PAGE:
byte-range-set is unsatisfiable.

Notes:

Asking for a range that includes trailing bytes (e.g., Range: bytes=-1) when the entity is zero bytes is, as stated here, satisfiable, and yet the service would be forced to yield a 206 code and there is no valid representation of Content-Range header, since you cannot specify a range with no length using the byte range type, the none range type is specified in section 2.3 with a meaning for Accept-Ranges only, and there are no other acceptable ranges in the IANA registry.

The alternative would be that we could overload the use of the none range and return 206 with Content-Length: 0, Content-Range: none for these requests for final bytes.
--VERIFIER NOTES--
It also says, in the same section:

If the selected representation is shorter than the specified
suffix-length, the entire representation is used.

So the response for the posited request is 200 (not 206).

Errata ID: 4472

Status: Rejected
Type: Technical

Reported By: Florian Best
Date Reported: 2015-09-13
Rejected by: Barry Leiba
Date Rejected: 2015-09-29

Section 2.1 says:

   o  The first and last bytes only (bytes 0 and 9999):

        bytes=0-0,-1

It should say:

   o  The first and last bytes only (bytes 0 and 9999):

        bytes=0-1,-1

Notes:

If the first byte is requested the offset must be 1.
--VERIFIER NOTES--
The reporter has retracted this after more testing, saying that "The sentence 'the byte positions specified are inclusive' seems to explain it," though he thinks it could be explained more clearly and directly.

Errata ID: 4665

Status: Rejected
Type: Technical

Reported By: Amichai Rothman
Date Reported: 2016-04-13
Rejected by: Alexey Melnikov
Date Rejected: 2017-02-23

Section 3.1 says:


It should say:

If all of the preconditions are true and the target representation
length is zero, the server SHOULD send a 200 (OK) response.

Notes:

An empty representation is unsatisfiable according to section 2.1, but not unsatisfiable according to section 4.4 if the first-byte-pos is zero. An empty 200 response is the simplest solution to this contradiction, since it is a valid response anyway (if the server chooses to ignore the Range header), clients already handle it properly, it provides all necessary information to the client, and stating it explicitly can prevent subtle edge-case pitfalls in both the RFC and its implementations.
--VERIFIER NOTES--
Mark Nottingham: this is not an erratum. Please raise an issue here:
<https://github.com/httpwg/http11bis/issues>

Errata ID: 4681

Status: Rejected
Type: Technical

Reported By: Kannan Goundan
Date Reported: 2016-04-29
Rejected by: Alexey Melnikov
Date Rejected: 2016-05-05

Section 2.1 says:

byte-range-set  = 1#( byte-range-spec / suffix-byte-range-spec )

It should say:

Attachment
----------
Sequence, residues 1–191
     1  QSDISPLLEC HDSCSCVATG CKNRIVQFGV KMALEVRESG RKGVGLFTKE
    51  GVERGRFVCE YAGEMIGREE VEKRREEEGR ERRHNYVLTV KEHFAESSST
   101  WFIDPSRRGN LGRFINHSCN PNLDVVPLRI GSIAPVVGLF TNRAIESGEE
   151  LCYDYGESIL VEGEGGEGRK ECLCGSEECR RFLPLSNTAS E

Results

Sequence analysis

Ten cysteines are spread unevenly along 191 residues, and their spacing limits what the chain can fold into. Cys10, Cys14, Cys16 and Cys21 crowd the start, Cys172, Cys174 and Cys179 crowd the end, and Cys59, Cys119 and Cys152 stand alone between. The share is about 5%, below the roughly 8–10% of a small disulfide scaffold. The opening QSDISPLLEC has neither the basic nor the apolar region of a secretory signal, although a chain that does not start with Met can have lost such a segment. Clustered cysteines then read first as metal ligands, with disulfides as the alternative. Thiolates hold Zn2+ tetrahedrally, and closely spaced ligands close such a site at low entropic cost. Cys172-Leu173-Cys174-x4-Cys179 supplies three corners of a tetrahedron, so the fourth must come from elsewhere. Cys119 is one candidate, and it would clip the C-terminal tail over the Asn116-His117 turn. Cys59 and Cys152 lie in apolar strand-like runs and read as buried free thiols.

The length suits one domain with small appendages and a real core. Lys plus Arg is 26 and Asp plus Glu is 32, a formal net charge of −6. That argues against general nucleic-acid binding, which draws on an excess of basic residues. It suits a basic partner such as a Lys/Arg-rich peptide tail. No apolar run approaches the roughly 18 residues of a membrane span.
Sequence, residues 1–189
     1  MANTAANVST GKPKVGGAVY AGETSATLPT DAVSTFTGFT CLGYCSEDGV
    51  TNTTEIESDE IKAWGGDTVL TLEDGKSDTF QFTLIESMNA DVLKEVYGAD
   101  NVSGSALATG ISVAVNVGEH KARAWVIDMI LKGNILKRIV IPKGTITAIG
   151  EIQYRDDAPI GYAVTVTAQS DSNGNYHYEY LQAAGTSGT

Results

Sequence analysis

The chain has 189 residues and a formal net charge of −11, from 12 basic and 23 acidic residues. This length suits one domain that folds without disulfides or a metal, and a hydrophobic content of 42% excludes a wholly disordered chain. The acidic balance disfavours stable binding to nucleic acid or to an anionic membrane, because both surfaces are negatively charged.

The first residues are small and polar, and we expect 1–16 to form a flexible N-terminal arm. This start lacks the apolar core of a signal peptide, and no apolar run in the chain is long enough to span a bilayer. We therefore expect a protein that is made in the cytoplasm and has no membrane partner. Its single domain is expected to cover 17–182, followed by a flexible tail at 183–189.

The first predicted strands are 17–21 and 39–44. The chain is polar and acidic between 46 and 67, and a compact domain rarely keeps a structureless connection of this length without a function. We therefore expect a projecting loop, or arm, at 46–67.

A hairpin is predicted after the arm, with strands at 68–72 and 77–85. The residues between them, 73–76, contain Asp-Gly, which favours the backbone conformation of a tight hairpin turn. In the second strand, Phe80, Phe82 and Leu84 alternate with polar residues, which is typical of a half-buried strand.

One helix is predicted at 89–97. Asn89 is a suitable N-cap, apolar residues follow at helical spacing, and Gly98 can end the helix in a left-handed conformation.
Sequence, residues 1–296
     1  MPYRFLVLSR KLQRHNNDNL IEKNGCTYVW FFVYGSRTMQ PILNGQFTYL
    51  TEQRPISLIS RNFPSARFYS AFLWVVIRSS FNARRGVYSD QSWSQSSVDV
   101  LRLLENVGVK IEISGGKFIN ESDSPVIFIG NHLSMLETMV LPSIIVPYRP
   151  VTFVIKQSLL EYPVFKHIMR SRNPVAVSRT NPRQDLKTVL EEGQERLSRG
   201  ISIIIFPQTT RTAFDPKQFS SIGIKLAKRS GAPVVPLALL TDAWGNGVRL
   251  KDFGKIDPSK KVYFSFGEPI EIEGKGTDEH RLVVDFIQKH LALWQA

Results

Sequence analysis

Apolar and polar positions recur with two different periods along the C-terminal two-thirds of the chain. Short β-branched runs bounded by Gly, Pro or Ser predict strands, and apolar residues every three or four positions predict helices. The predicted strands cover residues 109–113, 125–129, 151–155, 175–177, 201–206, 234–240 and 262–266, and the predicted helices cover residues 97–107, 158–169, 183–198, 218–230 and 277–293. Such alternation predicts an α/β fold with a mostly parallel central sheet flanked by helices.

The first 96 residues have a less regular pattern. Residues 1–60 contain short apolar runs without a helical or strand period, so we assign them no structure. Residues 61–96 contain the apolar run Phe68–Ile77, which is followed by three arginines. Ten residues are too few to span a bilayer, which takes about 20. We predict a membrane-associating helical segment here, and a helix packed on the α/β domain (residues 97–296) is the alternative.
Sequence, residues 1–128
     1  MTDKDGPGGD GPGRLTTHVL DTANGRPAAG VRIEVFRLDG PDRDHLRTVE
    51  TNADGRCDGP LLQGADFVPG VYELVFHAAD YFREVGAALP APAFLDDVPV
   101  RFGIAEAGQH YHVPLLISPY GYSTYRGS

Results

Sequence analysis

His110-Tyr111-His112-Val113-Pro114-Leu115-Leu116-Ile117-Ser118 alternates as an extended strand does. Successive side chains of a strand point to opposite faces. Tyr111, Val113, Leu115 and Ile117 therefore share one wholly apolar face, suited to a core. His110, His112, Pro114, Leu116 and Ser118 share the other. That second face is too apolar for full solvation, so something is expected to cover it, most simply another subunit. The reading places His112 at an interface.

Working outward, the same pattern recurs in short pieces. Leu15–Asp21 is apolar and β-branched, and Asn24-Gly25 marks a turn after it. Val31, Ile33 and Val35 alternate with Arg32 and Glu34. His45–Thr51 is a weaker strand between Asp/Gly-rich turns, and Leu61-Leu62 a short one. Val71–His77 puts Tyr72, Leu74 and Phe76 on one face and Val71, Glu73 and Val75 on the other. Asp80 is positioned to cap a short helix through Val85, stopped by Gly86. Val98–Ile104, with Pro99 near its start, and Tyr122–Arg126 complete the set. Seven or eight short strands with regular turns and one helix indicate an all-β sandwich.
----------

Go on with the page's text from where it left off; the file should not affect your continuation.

byte-range-set = *( "," OWS ) ( byte-range-spec /
    suffix-byte-range-spec ) *( OWS "," [ OWS ( byte-range-spec /
    suffix-byte-range-spec ) ] )

Notes:

The document contains two ABNF definitions for "byte-range-set". They appear in Section 2.1 "Byte Ranges" and Appendix D "Collected ABNF".

The two definitions are different. It seems like the definition in Appendix D is the correct one.
--VERIFIER NOTES--
Alexey: As per comment from Julian: "Both are correct. See first sentence of Appendix D."

Errata ID: 4682

Status: Rejected
Type: Technical

Reported By: Kannan Goundan
Date Reported: 2016-05-03
Rejected by: Alexey Melnikov
Date Rejected: 2017-02-23

Section 2.1 says:

byte-range-set= 1#( byte-range-spec / suffix-byte-range-spec )

It should say:

According to the "1#element" rule, the expansion would be:

    byte-range-set = ( byte-range-spec /
        suffix-byte-range-spec ) *( OWS "," OWS ( byte-range-spec /
        suffix-byte-range-spec ) )

But Appendix D has the definition:

    byte-range-set = *( "," OWS ) ( byte-range-spec /
        suffix-byte-range-spec ) *( OWS "," [ OWS ( byte-range-spec /
        suffix-byte-range-spec ) ] )

Notes:

This is a followup to my original report: <http://www.rfc-editor.org/errata_search.php?rfc=7233&eid=4681>

My original report was incorrect because I didn't notice the difference between "1*element" and "1#element". Thanks to Julian Reschke for pointing this out to me.

After looking up the "1#element" rule <https://tools.ietf.org/html/rfc7230#section-7>, it looks like Section 2.1 and Appendix D are more similar, but not exactly equivalent.

The Appendix D version of the rule seems to allow extra commas and OWS.
I'm trying to write strict parsing code for this header and am not sure which definition to follow.

P.S. I hope I didn't screw up again. I apologize for wasting your time (again) if I did.
--VERIFIER NOTES--
See HTTPBIS mailing list discussion.